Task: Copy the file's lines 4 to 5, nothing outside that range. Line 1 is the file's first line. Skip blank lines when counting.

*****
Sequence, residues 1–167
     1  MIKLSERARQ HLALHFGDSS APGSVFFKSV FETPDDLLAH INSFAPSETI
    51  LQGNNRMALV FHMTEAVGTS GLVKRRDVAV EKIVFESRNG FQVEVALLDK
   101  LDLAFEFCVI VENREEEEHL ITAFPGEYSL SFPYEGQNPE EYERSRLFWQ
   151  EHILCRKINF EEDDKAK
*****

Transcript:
   101  LDLAFEFCVI VENREEEEHL ITAFPGEYSL SFPYEGQNPE EYERSRLFWQ
   151  EHILCRKINF EEDDKAK